Is the school curriculum to blame for joblessness in Uganda?

Monday August 25 2014

Photo by Abubaker Lubowa

Photo by Abubaker Lubowa 


On Tuesday, January 17, 2012, the Daily Monitor, reported “11,000 graduate to 83% joblessness”.

The headline was striking. It carried two interesting figures which equally presented double emotions. That 11,000 were walking away with degrees and diplomas, given the country’s literacy levels was a great thing. But that they were walking into a dark world staring at them with a grotesque face of a double-digit unemployment percentage was never going to be pleasant. That is the sad reality that Ugandan youth find themselves in.

“Most of us don’t have rich parents to take us to their offices to work as their assistants so we don’t know when we will get jobs,” the Daily Monitor quoted Zaidi Tebazaalwa, who graduated with a Bachelor of Science in Zoology saying. He hoped to work as a research assistant for his first job.

Just prior to that graduation, the Africa Development Indicators report released by the World Bank placed youth unemployment in Uganda at 83 per cent.

This indicated that Uganda by 2011 had the highest unemployment rate among the young men in Africa although a study, “Lost opportunity? Gaps in youth policy and programming in Uganda”, published by ActionAid put youth unemployment rate at 62 per cent.

Presiding over the graduation, Makerere University Chancellor, Prof Mondo Kagonyera, asked President Museveni to “provide a special desk to help keep on the lookout for and coordinate the funding of students’ innovations”.


Uganda has the world’s largest percentage of people under 30 – 78 per cent – according to the to the 2012 State of Uganda population report by the UN Population Fund.

These figures present a rather gloomy atmosphere with at least 400,000 youth graduating each year yet projects registered by the Uganda Investment Authority indicate a potential to create only 150,000 jobs annually, leaving an estimated 350,000 on the street.

The problem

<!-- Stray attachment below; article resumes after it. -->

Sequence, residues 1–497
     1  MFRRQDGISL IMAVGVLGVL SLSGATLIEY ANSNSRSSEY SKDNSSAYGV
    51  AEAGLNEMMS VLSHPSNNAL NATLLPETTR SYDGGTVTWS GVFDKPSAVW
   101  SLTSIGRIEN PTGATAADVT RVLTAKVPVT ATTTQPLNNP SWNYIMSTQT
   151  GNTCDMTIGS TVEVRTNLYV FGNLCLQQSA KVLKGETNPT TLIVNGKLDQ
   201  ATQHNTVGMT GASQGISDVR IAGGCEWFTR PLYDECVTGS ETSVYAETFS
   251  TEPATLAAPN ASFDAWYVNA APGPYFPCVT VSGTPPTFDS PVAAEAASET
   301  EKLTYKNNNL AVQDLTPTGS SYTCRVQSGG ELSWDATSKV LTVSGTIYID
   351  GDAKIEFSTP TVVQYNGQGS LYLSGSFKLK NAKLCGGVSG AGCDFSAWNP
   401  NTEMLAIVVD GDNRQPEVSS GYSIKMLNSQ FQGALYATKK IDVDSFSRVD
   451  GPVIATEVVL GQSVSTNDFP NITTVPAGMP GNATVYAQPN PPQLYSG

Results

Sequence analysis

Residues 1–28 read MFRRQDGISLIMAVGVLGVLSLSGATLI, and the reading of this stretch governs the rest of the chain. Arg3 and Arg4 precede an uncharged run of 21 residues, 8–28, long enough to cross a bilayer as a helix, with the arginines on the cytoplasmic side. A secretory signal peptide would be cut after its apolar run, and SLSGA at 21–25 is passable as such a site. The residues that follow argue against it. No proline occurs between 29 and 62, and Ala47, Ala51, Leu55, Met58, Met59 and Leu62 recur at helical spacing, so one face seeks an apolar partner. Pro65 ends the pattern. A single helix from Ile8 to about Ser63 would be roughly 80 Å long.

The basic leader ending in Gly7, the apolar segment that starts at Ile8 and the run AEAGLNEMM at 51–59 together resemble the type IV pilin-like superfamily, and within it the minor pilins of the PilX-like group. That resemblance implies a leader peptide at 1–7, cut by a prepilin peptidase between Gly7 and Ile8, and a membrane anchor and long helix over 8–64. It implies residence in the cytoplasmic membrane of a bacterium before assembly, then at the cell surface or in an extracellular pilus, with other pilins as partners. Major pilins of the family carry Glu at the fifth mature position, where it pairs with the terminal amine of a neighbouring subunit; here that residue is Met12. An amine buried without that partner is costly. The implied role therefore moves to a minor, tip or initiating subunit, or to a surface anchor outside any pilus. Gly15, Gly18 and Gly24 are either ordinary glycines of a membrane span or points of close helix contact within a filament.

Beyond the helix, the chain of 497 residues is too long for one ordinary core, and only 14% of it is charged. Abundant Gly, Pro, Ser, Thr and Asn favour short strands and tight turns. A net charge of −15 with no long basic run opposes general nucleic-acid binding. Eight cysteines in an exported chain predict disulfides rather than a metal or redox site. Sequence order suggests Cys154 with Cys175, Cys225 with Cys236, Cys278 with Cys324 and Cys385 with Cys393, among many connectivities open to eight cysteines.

Photo by Abubaker Lubowa

Photo by Abubaker Lubowa

So why is it the case? Why would a block of more than 350,000 men and women who have studied for more than 15 years remain on the streets after all?

Mr Patrick Kaboyo, an educationist and chief executive Coalition of Uganda Private Schools Teachers Association, says all Ugandans should be rallied to discuss the education status quo.

He says Ugandans should be asked what is relevant to the prevailing conditions such that the curriculum matches the people’s needs. For perspective, curriculum is the total sum of all the experiences that a learner undergoes, whether they are taught in class or outside the classroom environment.

“As long as the status quo remains unchanged, we shall not see much. The current curriculum has served its purpose. It is a high time we overhauled it in order to address the challenges of the common man. The curriculum is not giving the learners the right information,” Mr Kaboyo says.

He adds: “The trend in the current curriculum is that the bright ones proceed to A-Level and subsequently to university yet the relatively slow ones are the ones who are relegated to technical institutions. So we do not get the right people to do actual building, carpentry etc.”

The educationist suggests that for the country to realise better results, there should be talent identification and tapping of skills right from primary level and the learners are accorded the right support.